A veteran solon yesterday warned that the Philippines could face a potential power crisis toward the end of the next president’s term, as China appears to be “holding hostage” the development of the world-class offshore Sampaguita gas discovery.
According to Surigao del Sur Rep. Johnny Pimentel, the Malampaya deep-water gas field is projected to run dry by 2027, and without fresh reserves from Sampaguita, Luzon’s power supply could be threatened,”
Pimentel, chairperson of the House strategic intelligence committee, also said that the rest of the country is also worried about the prospect of a Luzon power shortage.
“We are anxious that if Luzon sneezes, Mindanao and the Visayas might catch a cold,” Pimentel said.
Located 65 kilometers northwest of Palawan, Malampaya has been supplying enough gas to cover at least 20 percent of Luzon’s electricity demand for 21 years.
Sampaguita has been dubbed as the country’s next Malampaya. The undeveloped hydrocarbon field below the seabed is located 250 kilometers southwest of Malampaya.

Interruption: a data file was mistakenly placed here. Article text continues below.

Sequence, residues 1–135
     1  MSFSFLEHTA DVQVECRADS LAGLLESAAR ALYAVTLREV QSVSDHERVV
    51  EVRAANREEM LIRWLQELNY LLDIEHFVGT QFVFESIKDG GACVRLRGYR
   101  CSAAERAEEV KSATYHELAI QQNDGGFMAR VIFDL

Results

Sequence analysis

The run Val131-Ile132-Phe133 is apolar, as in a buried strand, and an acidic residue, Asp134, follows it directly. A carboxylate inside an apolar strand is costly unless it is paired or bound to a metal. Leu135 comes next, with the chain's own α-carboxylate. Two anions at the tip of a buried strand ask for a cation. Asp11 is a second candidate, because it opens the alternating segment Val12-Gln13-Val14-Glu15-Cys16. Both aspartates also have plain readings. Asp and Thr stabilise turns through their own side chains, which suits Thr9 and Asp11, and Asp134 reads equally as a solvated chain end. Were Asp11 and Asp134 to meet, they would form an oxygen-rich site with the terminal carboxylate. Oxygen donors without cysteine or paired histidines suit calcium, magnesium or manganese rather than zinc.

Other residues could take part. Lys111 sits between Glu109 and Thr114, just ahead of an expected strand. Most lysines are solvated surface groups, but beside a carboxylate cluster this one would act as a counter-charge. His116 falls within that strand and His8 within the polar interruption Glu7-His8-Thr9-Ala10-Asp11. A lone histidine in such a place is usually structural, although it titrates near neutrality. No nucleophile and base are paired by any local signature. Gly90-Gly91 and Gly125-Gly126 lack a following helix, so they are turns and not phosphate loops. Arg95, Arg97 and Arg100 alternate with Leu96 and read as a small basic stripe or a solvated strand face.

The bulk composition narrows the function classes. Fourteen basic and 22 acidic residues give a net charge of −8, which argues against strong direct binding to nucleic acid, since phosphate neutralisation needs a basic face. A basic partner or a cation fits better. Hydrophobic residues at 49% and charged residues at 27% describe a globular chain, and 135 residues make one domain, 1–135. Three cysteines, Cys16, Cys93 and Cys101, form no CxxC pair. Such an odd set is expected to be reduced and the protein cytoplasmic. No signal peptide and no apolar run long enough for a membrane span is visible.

“Sampaguita is estimated to contain anywhere from 3.5 to 4.6 trillion cubic feet (tcf) of gas. This is comparable to if not bigger than Malampaya’s 3.4 tcf of gas upon discovery,” Pimentel pointed out.
In a worst-case scenario, Pimentel said the country might be able to bring in liquefied natural gas (LNG) from abroad to replace Malampaya’s dwindling reserves.
“However, the cost of building the new LNG infrastructure and importing the gas implies that consumers in Luzon may have to pay a higher generation price for the electricity,” Pimentel warned.
Apparently due to Chinese intimidation, the Department of Energy (DOE) last month ordered the private operators of petroleum Service Contracts 72 and 75 “to put on hold any exploration activities” in the West Philippine Sea.
The Sampaguita field is within SC 72, or the Recto Bank basin concession.
In a notice to the private operators, DOE Undersecretary Donato Marcos said: “The Security, Justice, and Peace Coordinating Cluster (SJPCC), taking into consideration the political, diplomatic, and national security implications of any activity in the West Philippine Sea, has agreed that prior approval of the said cluster is required as condition precedent to any activities (in the West Philippine Sea).”